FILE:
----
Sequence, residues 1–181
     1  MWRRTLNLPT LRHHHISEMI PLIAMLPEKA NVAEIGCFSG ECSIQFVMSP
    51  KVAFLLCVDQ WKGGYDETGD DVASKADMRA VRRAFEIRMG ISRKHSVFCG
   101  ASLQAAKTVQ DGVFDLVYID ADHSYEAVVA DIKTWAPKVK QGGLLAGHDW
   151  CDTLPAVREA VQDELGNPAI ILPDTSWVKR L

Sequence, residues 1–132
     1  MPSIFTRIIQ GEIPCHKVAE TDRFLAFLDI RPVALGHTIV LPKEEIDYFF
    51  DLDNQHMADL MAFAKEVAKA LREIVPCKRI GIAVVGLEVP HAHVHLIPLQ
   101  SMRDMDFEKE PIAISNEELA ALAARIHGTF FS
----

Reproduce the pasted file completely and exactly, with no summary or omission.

Sequence, residues 1–181
     1  MWRRTLNLPT LRHHHISEMI PLIAMLPEKA NVAEIGCFSG ECSIQFVMSP
    51  KVAFLLCVDQ WKGGYDETGD DVASKADMRA VRRAFEIRMG ISRKHSVFCG
   101  ASLQAAKTVQ DGVFDLVYID ADHSYEAVVA DIKTWAPKVK QGGLLAGHDW
   151  CDTLPAVREA VQDELGNPAI ILPDTSWVKR L

Sequence, residues 1–132
     1  MPSIFTRIIQ GEIPCHKVAE TDRFLAFLDI RPVALGHTIV LPKEEIDYFF
    51  DLDNQHMADL MAFAKEVAKA LREIVPCKRI GIAVVGLEVP HAHVHLIPLQ
   101  SMRDMDFEKE PIAISNEELA ALAARIHGTF FS